Dirty laces can make even the most beautiful pair of shoes look old and worn out. That’s why it’s so important to put in the maintenance work when it comes to your shoelaces as well as the shoes themselves.
If you’ve noticed that your shoelaces are looking dirty, don’t make the mistake of buying a new set of laces straight away; try cleaning your laces first.
The process for cleaning shoe laces can look different depending on what kind of laces you’re working with, but luckily, we’ve got 3 tried and tested methods to recommend in this article.
Read on to find out how to get your laces looking pristine again!
Methods For Cleaning Shoe Laces
Did you know that the same dish soap you use to keep your plates and glasses clean is also suitable for cleaning shoe laces?
The first step is to fill up your sink with warm water and add dish soap until bubbles form on the surface of the water. You don’t need to use too much.
Once you have prepared your water and dish soap, lower your shoelaces into the water and leave them to soak for up to 20 minutes (no less than 15 minutes).
Now and again, it’s a good idea to move the laces around in the water (without taking them out of the sink) to allow the dirt to dislodge itself.
If, after 20 minutes, you still see some stains on your shoe laces, don’t despair! This can usually be resolved by scrubbing the laces in the soapy water with a spare toothbrush.
Make sure you use a toothbrush with soft bristles to avoid damaging the laces in the process. After a few minutes of scrubbing, you should see a clear difference in the cleanliness of your shoe laces!
Be sure to air-dry the laces after washing since applying heat can cause your laces to shrink.
Using your washing machine is probably the easiest way to clean your shoelaces. However, there’s always the possibility that your laces might get caught inside the washing machine or tangled up, so you should put the laces into a mesh bag before starting the cycle.
Make sure to get rid of any debris that might be on your shoe laces before putting them in the washing machine since you don’t want any of that debris to block your filter or linger in the machine’s drum.
The simplest way to get rid of as much debris as possible in a short space of time is just to use a spare toothbrush to brush the dirt away under warm water.
Once your laces are as clean as you can get them without washing and securely fastened in a mesh bag, you can go ahead and put them in the washing machine. Ideally, try to put the laces in with a load of washing so you don’t waste water machine-washing a single item.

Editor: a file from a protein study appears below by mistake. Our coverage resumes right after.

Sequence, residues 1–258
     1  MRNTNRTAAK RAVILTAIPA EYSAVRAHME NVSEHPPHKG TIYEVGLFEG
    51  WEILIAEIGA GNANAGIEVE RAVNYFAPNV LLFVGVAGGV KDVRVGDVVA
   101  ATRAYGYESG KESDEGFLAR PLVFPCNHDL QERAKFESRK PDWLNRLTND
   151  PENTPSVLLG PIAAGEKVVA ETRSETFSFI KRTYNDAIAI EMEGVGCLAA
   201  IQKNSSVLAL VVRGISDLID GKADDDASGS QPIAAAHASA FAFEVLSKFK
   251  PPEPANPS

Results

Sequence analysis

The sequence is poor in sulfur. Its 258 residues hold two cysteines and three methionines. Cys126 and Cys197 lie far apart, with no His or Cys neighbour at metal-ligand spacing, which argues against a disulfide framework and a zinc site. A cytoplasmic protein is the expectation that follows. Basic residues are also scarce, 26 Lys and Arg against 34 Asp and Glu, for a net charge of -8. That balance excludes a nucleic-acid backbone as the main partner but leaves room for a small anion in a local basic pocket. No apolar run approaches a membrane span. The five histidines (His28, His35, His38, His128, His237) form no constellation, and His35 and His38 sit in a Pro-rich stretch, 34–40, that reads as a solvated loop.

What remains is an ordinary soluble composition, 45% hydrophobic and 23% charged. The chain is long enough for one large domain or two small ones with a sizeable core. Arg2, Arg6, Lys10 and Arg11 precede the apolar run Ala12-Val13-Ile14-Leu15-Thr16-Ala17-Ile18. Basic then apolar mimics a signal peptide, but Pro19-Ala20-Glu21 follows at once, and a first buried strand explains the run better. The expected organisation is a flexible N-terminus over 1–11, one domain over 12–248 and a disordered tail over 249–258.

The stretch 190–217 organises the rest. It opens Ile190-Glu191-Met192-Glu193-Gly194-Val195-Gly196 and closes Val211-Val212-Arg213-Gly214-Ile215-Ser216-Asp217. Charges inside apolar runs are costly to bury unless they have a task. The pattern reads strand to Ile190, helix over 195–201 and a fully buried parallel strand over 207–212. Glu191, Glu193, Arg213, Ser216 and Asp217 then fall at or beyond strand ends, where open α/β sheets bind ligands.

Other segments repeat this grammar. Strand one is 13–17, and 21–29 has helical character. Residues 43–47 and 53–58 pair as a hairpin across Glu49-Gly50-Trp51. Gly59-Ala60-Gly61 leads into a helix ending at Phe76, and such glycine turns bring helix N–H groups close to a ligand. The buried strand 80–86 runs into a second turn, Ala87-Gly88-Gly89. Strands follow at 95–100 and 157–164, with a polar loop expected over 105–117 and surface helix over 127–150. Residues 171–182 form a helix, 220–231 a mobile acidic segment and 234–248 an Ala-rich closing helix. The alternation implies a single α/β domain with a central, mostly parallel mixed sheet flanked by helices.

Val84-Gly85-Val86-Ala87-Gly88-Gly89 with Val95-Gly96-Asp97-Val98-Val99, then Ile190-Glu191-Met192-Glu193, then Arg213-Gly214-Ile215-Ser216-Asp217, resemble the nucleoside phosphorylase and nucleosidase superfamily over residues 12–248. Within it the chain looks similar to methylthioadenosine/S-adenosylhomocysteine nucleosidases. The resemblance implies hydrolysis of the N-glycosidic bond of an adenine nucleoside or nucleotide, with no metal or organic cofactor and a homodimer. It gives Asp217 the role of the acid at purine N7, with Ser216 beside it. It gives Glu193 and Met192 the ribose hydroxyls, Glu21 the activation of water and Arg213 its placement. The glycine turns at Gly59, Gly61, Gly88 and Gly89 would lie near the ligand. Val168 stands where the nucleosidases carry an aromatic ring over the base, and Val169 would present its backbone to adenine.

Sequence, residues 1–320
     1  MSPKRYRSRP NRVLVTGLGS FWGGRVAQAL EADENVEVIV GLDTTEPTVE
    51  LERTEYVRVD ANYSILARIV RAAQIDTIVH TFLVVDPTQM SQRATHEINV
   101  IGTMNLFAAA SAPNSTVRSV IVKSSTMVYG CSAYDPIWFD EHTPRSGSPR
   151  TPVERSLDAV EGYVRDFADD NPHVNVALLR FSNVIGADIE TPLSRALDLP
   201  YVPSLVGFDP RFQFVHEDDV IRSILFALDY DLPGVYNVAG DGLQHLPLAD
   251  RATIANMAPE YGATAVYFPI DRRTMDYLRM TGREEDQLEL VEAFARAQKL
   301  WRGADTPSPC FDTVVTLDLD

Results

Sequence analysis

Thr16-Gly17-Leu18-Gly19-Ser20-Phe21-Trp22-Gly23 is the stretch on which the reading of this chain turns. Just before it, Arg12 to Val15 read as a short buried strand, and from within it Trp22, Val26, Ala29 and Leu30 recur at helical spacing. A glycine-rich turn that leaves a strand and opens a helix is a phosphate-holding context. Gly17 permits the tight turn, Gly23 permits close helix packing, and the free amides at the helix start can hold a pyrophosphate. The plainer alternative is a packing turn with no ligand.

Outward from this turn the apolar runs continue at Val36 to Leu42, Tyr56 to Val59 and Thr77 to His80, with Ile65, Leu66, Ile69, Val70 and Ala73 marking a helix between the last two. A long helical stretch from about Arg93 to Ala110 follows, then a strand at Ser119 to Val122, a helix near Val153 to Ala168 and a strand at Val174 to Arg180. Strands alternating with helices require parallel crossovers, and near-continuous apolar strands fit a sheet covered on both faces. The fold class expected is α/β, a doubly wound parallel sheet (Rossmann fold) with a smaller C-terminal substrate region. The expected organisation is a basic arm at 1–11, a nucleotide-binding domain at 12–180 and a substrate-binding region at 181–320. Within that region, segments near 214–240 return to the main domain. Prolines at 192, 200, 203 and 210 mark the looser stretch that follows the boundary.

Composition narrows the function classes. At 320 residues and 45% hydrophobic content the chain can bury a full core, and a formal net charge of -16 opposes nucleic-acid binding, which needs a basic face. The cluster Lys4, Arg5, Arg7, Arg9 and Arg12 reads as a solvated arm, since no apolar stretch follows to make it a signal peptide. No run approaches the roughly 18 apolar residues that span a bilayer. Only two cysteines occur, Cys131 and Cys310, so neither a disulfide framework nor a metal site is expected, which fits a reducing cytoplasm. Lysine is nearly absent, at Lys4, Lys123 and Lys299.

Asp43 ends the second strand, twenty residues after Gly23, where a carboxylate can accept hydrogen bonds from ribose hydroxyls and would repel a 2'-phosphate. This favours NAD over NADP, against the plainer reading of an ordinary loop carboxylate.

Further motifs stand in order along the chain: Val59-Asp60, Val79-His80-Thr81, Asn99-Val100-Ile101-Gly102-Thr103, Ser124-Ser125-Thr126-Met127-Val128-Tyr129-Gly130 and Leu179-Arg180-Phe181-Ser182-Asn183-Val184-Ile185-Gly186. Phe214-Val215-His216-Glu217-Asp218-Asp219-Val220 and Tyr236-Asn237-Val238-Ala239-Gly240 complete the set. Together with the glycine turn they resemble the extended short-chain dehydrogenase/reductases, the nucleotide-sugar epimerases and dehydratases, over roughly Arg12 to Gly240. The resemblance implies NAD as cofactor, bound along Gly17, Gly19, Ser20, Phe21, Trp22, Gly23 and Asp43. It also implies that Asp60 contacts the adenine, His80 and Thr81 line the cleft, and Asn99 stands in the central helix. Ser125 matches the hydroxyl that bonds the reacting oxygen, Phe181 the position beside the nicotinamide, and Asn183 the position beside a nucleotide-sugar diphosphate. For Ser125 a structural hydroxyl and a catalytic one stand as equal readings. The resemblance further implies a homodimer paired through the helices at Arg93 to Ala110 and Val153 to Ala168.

You don’t want to wash your laces on a setting that is too hot, so to be on the safe side, use a regular wash setting and don’t run the dry cycle. As we mentioned before, it’s best to air-dry shoe laces to prevent them from shrinking.
Homemade Cleaning Solutions
While dish soap and machine washing are the most common methods of cleaning shoe laces, these recommendations aren’t much use if dish soap hasn’t worked for you and you don’t have a machine machine.
Luckily, there is another option: use your own homemade cleaning solutions to restore your shoelaces to their former glory.
The solution we’re going to recommend is more potent than dish soap, so this is the next logical step if you’ve tried the dish soap method with no success but don’t have the option to machine-wash your laces.
All you need to make this solution is warm water and some kind of laundry detergent. If your laces are white, you should also use bleach to ensure a thorough clean, but don’t use too much. If you’re using a gallon of water, you’ll only need 3 tablespoons of bleach.
Prior to submerging your laces in the cleaning solution, brush them with your spare toothbrush, just like you would if you were using a washing machine. Then, similar to the dish soap method, allow the laces to soak in the solution for 20 minutes.
Rinse your laces as thoroughly as you can afterward so that no traces of bleach remain, and then hang them up to air-dry.
Frequently Asked Questions
Can I Wash Colorful Laces?
Some of the advice we’ve given in this article has been geared towards white laces specifically, simply because this is the most common color for laces. However, if your laces are black or a different color, you can still wash them – just don’t use bleach!
The dish soap and washing machine methods are perfectly suitable for colorful laces.
Is It Safe To Put Shoe Laces In The Washing Machine?
Machine-washing laces is one of our recommendations for cleaning shoe laces, so it’s definitely safe. However, you should always contain the laces in a mesh bag and never run the dry cycle in case it causes your laces to shrink.
What Can I Use Instead Of Bleach To Clean Shoelaces?
If you’re not comfortable using bleach to clean your laces, you can substitute the bleach for either baking soda or vinegar.
For a vinegar solution use a 1:1 ratio of water and vinegar. Alternatively, put four tablespoons of baking soda into four ounces of water to form a paste. Then, apply the paste to the laces so it covers the material completely. After 15 minutes, rinse and dry.
Cleaning shoe laces is easy if you have a washing machine, some dish soap, or some bleach and laundry detergent.
You can also use baking soda or vinegar mixed with water to make cleaning solutions that are safe for shoe laces.
Remember not to use bleach on shoe laces that aren’t white, and air-dry your laces where possible.